- Stock up with extra virgin olive oil. Packed with health-giving polyphenols, it can be used for everything, even frying. Be sure to buy the freshest oil possible by noting the “harvested on” instead of “best before” date, and always store it in a cool dark place
- Tinned legumes (lentils, chickpeas and beans). They don’t expire and are fabulous for creating quick, healthy, tasty meals
- Dried red lentils – yummy and fast cooking
- Dried brown lentils – cheap and versatile
- Dried soup mix
- Tinned or pureed tomatoes
- Canned tuna
- Herbs and spices, and
- Mixed nuts for snacks.
Plan your week – what to buy and cook
- Onion, garlic, carrot, zucchini and celery will form a basis for just about any meal
- Stock up on seasonal fruit and vegetables
- In summer, make salads to eat with meals: Lettuce, tomato, cucumber; other ingredients as desired. Chop and add extra virgin olive oil, lemon juice and salt
- Winter delights: Green beans, cauliflower, broccoli and/or zucchini. Steam, drizzle with extra virgin olive oil, lemon juice, salt; add a halved garlic clove. Serve on the side
- Buy bulk fruit in season, chop and stew in water, then freeze in batches, and eat with porridge/cereal or plain yoghurt for dessert, and
- Cook meals in bulk and enjoy as leftovers or freeze for emergencies.
Note: Unless you have high blood pressure and eat lots of salt already, you can add some salt for flavour.
Recipes to try
Ingredients: Extra virgin olive oil, onion, garlic, 1 tablespoon paprika, dried/fresh chilli, carrot, zucchini, red capsicum, canned kidney beans, canned borlotti beans, salt, pepper.
Chop or dice vegetables. Lightly fry onion in the oil; add garlic, paprika, chilli and carrot and saute for 2-3 minutes.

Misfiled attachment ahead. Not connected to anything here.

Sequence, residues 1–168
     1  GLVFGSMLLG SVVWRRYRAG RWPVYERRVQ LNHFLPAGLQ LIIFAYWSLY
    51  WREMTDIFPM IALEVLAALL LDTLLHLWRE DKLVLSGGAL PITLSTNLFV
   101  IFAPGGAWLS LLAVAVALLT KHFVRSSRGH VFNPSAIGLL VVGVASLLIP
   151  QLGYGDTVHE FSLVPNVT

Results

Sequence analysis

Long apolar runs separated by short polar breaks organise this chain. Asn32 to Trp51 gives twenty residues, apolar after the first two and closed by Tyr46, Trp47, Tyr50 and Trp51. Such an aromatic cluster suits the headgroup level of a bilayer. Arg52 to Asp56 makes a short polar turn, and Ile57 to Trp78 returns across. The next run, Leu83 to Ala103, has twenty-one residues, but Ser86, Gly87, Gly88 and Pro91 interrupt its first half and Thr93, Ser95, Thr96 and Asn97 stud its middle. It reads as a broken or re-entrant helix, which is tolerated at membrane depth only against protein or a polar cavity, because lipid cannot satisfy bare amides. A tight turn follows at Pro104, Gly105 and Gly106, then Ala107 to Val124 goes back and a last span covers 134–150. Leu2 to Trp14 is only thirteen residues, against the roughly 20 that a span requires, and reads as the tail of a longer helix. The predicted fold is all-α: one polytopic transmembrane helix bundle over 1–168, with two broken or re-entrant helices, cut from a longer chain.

Add remaining ingredients, bring to boil, then simmer for 10-15 minutes. Serve with rice, avocado and salad or tacos, cheese, tomato and lettuce.
Ingredients: Extra virgin olive oil, onion, garlic, tinned diced tomatoes, carrot, celery, eggplant, parmesan cheese, grated mozzarella, salt, pepper.
Saute chopped onion and garlic in olive oil. Add tomatoes, grated carrot, the celery stick whole, and a cup of water; season. Bring to boil and simmer for 30-60 minutes.
Preheat oven (200 degrees). Slice eggplant into one-centimetre thick pieces, brush with olive oil and bake 20-30 minutes until brown and soft. Create two layers of eggplant, sauce, parmesan and mozzarella in a baking dish, bake until cheese is melted. Serve with salad.
Greek lentil soup
Ingredients: Extra virgin olive oil, onion, garlic, 1½ cups dried brown lentils, carrot, zucchini, tinned diced tomatoes, baby spinach, vinegar, pinch oregano, 2 bay leaves, salt, pepper.
Boil lentils in water for 10 minutes, then drain. Saute diced onion, garlic and carrot in the olive oil. Add lentils and 1½ litres water. Bring to boil, add all ingredients except spinach and vinegar. Cook for 30-40 minutes, add remaining ingredients. Cook for five more minutes and serve.
Using these basic principles, experiment with simple recipe ideas: Chickpea-eggplant casserole, minestrone, pita pizza with salad, cannellini beans with garlic and spinach or red lentil soup with carrot and zucchini.